Opinion | The Patronage System Was Corrupt. It’s Threatening a Comeback. – POLITICO

Opinion | The Patronage System Was Corrupt. It’s Threatening a Comeback. – POLITICO

Federal civil servants are often disparaged as obstructionist bureaucrats. And people might think that it’s only logical that a new president should be able to fire any government employee on a whim and hire people who are considered more loyal.

In fact, the federal government actually operated under such a patronage system for much of the 19th century, with jobs for sale to political devotees of the incumbent president and civil servants subject to arbitrary dismissal. That changed after a disgruntled job seeker assassinated President James A. Garfield in 1881 — a shocking episode that prompted Congress to reform the corrupt spoils system with passage of a law that professionalized federal career positions and protected employees from capricious firings.

Today, our nation’s 2 million career civil servants swear loyalty to the Constitution, not fealty to an individual president. They’re hired based on their ability and skills and cannot be fired for partisan or non-merit reasons. These protections provide civil servants with the latitude to offer unvarnished advice, to execute important policies and report illegal activity and misconduct without fear of retribution.

But that could all change under new threats emanating from former President Donald Trump and his allies, to the detriment of our democracy and our government’s ability to keep us safe from a myriad of challenges facing our country.

Recent reporting has revealed that a group of Trump supporters are “preparing to radically reshape the federal government if [he is] re-elected, purging potentially thousands of civil servants and filling career posts with loyalists to him and his America First ideology.” And the former president publicly vowed to do just that.

Taking such a radical step would effectively eviscerate the merit-based, apolitical career civil service and return the country to the time when competence was undervalued and when public offices were used to reward members of the victorious political party.

The plan, first delineated in a Trump executive order in the fall of 2020 and rescinded by President Joe Biden two days after taking office, has support from some Republicans in Congress and could be embraced by other potential GOP presidential candidates. It would create a new job classification for “career employees in confidential, policy-determining, policy-making and policy-advocating positions,” and would strip these individuals of long-standing civil service protections by allowing politically appointed leaders to fire them at will.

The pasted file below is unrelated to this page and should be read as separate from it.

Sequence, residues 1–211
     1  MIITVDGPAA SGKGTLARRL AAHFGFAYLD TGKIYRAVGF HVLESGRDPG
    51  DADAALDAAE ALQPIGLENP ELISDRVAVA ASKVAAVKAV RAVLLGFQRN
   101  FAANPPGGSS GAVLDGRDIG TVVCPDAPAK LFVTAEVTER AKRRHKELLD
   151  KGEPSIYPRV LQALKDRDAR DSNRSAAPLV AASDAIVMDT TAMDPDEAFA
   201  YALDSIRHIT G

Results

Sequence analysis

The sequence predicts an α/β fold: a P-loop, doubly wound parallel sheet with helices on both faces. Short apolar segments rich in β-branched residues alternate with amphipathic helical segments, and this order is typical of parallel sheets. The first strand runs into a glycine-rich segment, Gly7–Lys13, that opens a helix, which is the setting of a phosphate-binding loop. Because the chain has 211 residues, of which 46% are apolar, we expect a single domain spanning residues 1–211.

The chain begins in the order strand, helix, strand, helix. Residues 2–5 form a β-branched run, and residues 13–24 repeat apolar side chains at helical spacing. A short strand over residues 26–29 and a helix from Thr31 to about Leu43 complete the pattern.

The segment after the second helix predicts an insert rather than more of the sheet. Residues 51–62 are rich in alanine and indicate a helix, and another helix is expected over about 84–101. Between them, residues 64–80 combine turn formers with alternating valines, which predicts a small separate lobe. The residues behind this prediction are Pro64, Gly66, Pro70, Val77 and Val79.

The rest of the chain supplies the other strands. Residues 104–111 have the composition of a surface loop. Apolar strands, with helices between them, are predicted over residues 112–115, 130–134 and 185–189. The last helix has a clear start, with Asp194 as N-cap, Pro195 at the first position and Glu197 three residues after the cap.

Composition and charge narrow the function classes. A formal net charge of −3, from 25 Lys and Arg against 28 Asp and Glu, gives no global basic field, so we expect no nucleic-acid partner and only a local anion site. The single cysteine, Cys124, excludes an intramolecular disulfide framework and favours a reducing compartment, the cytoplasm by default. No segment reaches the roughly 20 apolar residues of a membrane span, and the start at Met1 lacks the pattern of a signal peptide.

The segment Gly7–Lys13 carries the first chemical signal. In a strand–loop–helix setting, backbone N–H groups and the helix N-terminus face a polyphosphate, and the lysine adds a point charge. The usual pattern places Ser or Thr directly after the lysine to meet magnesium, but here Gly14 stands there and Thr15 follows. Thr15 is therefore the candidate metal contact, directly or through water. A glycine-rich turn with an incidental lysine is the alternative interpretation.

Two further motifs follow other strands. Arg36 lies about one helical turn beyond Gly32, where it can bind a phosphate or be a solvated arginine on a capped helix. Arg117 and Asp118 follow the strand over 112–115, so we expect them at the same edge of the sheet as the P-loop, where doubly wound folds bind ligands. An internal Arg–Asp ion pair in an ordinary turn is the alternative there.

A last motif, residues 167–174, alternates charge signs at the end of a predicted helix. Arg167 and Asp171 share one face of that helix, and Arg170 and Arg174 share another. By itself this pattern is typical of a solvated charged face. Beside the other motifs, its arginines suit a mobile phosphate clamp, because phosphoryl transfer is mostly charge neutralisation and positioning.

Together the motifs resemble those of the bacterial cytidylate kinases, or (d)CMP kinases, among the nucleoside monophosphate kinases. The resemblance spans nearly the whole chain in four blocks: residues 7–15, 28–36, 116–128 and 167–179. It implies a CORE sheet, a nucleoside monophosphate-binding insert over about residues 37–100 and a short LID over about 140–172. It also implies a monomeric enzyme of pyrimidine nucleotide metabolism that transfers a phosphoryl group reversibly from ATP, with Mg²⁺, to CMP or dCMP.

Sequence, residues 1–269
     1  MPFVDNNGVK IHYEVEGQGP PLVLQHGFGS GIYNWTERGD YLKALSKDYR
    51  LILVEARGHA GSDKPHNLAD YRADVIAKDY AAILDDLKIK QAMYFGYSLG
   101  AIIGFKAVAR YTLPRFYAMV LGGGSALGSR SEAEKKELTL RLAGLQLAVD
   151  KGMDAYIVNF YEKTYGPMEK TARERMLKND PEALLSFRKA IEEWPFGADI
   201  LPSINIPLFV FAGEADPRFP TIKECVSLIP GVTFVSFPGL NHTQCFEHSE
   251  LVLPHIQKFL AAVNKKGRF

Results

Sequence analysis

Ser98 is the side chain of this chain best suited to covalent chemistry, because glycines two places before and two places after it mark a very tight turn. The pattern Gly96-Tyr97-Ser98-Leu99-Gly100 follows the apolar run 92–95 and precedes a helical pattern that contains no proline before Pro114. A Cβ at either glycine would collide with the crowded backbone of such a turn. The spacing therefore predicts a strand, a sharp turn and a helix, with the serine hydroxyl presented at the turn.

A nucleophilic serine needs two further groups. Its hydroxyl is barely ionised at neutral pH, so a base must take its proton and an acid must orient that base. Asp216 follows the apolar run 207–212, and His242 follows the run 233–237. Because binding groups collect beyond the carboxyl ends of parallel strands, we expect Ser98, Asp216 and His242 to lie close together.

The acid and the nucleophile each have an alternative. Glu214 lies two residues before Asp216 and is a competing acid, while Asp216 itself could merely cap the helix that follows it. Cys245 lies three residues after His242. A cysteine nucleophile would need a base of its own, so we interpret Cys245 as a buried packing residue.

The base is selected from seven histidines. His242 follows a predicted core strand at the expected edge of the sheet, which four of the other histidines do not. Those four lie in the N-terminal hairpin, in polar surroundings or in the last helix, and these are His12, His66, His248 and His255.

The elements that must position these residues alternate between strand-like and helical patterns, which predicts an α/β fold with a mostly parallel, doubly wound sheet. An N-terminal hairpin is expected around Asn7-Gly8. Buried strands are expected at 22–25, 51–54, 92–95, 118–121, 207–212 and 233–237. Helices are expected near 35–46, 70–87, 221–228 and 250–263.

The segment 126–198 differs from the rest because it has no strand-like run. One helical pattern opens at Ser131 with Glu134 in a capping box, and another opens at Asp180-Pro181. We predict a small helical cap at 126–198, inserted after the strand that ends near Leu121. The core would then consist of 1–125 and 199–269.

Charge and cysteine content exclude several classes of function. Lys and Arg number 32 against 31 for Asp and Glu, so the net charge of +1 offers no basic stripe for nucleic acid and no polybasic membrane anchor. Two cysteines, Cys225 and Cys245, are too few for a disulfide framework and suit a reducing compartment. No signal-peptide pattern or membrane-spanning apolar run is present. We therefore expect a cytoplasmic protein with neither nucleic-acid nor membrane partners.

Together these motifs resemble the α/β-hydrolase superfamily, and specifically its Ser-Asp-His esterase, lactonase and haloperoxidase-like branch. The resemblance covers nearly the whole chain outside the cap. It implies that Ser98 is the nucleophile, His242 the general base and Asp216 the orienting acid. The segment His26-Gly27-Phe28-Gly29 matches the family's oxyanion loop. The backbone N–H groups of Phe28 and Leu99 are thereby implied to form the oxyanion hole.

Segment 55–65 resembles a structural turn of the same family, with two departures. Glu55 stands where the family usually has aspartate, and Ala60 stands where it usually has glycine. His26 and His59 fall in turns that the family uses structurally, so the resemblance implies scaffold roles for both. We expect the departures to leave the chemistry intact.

Reviving this proposal could require a wide range of civil servants, including policy analysts, attorneys, managers, scientists and a host of other career employees whose unbiased judgment we rely on for safety and security, to show partisan allegiance or risk their jobs.

Such a policy would have a real chilling effect — discouraging federal employees from speaking out while simultaneously eroding public trust in our government. It also would tarnish the historic requirement of a merit-based system where well-qualified federal employees are given charge over our most sensitive capabilities, data and choices, and would undermine the role of civil servants as stewards of the public good.

The current civil service system is remarkable for its ability to provide for the continuity of our government during changes in administration. It prevents huge knowledge gaps by keeping in place civil servants with expertise on terrorism, cybersecurity, international relations, public health and a wide range of other critical issues.

The arbitrary firing of tens of thousands of civil servants by a new administration could not only put the nation at risk, but potentially hamper the government’s ability to effectively deliver important services, from veterans’ benefits and Social Security to farm programs and ensuring military readiness.

Our nation’s chief executive already faces the huge task of filling more political appointments than any other democracy. These 4,000 appointees include about 1,200 who must undergo the slow and partisan Senate confirmation process, leaving many critical jobs vacant for long periods of time and leadership gaps across the government.

Indeed, we need fewer, not more, political appointees, as well as a host of changes to strengthen the civil service. This includes improved leadership development, better employee recognition, support for innovation, increased accountability for poor performance and more streamlined hiring practices and policies that will bring young people and those with technology skills into the federal workforce.

Politicizing the federal workforce would be a major step backward and undo many of the hard lessons learned from the past.

Congress and the White House should not only act to preempt future efforts to bring a wrecking ball to the professional, merit-based civil service. They should take steps through new legislation to strengthen it, and in the process, protect our democratic system of governance.

In a world in which we face so many fast-moving challenges and risks, we need a highly capable and competent government, not one that returns us to the 19th century.

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